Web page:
Whilst the term “domestic abuse” is useful, it can create a false distinction between what happens behind closed doors and the way in which this influences behaviour in public life. Women who have experienced abuse in one environment become hyper-sensitive to the tells, those little signs that indicate the same dynamics are in play. Whilst very few men might risk treating a woman in public the way an abuser would treat her in private, there are buttons they can press, ways of occupying space that show an awareness of who has the upper hand. There can be an expectation of deference, and a belief that it is acceptable to treat insufficiently deferential — that is, insufficiently fearful — women as aggressors.

Of course, it is difficult for a woman to point this out. Should she complain about a particular man, she will be told, yet again, that “nothing happened”. Even when she sees something which replicates the patterns she knows so well — the unreasonableness, the rage, the unstoppable, self-pitying resentment of a man who feels a woman has diminished him — the perpetrator will claim plausible deniability. He will be affronted that anyone could ever compare him to an abuser. Indeed, that is just more evidence of how right he was to get angry in the first place.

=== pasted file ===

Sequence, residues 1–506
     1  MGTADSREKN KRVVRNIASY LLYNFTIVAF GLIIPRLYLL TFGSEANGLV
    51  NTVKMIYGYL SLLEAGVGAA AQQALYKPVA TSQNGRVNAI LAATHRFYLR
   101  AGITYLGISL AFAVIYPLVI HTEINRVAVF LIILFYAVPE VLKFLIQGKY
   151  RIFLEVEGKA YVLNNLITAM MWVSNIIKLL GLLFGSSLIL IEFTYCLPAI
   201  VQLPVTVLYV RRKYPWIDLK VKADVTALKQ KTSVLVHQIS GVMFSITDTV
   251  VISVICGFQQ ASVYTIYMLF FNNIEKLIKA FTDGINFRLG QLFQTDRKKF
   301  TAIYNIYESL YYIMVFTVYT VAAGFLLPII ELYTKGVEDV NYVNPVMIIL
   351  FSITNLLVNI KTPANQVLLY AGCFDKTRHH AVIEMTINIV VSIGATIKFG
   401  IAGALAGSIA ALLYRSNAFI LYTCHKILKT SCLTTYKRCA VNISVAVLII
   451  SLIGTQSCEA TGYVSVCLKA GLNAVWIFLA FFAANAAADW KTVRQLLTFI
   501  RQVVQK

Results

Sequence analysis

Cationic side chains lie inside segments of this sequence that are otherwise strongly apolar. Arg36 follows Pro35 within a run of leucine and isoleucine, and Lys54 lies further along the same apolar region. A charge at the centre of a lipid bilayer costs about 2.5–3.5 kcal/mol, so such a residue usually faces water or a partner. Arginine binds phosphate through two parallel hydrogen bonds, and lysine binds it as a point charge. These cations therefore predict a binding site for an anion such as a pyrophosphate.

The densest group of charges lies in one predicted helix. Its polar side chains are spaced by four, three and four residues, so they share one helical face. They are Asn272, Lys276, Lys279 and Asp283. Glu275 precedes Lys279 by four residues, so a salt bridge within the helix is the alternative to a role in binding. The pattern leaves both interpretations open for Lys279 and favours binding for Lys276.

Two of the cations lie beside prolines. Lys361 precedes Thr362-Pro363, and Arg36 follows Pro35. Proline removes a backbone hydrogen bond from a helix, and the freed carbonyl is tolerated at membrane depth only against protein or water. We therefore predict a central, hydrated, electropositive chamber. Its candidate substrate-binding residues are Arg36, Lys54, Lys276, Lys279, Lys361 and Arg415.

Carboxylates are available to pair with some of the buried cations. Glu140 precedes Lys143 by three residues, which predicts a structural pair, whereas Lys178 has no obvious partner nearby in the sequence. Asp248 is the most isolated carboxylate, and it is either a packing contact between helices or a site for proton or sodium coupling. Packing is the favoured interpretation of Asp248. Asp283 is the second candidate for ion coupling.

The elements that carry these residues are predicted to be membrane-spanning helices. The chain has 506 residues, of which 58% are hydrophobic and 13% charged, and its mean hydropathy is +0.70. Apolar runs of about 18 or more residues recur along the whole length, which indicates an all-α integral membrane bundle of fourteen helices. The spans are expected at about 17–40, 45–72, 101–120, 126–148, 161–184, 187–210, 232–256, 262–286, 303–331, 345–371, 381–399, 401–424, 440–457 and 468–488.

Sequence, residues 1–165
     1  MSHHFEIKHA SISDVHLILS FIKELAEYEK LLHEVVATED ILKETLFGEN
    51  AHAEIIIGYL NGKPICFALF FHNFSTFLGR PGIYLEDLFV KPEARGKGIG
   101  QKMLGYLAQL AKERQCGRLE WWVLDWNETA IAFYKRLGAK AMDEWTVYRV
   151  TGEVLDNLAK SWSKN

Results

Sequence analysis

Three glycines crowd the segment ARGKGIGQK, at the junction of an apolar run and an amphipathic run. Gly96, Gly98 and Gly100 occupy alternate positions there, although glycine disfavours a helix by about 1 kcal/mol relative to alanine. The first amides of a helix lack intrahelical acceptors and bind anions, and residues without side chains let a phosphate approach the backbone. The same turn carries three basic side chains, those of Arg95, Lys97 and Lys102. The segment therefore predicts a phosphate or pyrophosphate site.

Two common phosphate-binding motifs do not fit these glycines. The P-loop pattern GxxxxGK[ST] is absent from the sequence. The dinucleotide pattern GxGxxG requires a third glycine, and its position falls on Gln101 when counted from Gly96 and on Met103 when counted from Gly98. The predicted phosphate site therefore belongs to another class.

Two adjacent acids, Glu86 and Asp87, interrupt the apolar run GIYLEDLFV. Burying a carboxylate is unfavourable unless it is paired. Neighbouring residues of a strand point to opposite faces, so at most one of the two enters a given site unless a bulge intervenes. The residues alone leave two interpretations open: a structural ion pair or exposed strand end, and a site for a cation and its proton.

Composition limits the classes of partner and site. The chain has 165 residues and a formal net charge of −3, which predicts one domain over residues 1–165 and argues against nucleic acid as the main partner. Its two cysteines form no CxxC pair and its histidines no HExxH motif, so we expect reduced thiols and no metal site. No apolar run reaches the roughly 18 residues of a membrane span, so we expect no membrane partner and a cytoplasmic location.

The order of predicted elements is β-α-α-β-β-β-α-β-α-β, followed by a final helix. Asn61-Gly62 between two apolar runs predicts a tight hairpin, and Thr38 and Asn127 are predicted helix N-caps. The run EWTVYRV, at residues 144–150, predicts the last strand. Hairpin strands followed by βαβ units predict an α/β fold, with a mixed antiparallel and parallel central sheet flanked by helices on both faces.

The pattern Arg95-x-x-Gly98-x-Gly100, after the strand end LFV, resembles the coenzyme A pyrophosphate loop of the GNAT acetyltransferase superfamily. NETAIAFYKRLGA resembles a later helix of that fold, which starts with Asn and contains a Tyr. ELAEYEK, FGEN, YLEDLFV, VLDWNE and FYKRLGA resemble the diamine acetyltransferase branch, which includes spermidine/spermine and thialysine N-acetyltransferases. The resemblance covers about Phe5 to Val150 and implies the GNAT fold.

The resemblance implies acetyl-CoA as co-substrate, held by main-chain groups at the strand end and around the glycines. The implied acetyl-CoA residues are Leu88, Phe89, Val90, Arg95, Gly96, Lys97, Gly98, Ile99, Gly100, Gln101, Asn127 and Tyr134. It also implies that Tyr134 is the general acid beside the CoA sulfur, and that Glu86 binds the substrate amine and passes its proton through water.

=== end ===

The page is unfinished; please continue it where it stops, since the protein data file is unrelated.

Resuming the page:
What I am describing here are feminist basics, but I feel it is important to restate them here, now, in an age of incels, far-right activism, online revenge porn, sex trafficking, a woman-hating police force — an age of misogyny so grotesque that it has emboldened some men (and women) to decree that “nothing happened” really is nothing to complain about. Knowledge of just how much some men hate women, and of what they will do to them, is being used to suggest that there is “actual” misogyny — actual violence, actual rape, actual murder — and then there are women who trivialise it by making false complaints.

An example of this would be the recent behaviour of Labour MPs Ben Bradshaw and Lloyd Russell-Moyle towards female MPs speaking about Scotland’s gender recognition reform bill. To many women, myself included, the shouting and bullying felt disturbingly familiar. The sense of moral superiority expressed by Russell-Moyle in the aftermath, claiming that his “passion” led him to adopt the wrong “tone”, was utterly predictable. She, Miriam Cates, made him do it. Anyone with principles would have done the same. Who could call that abusive?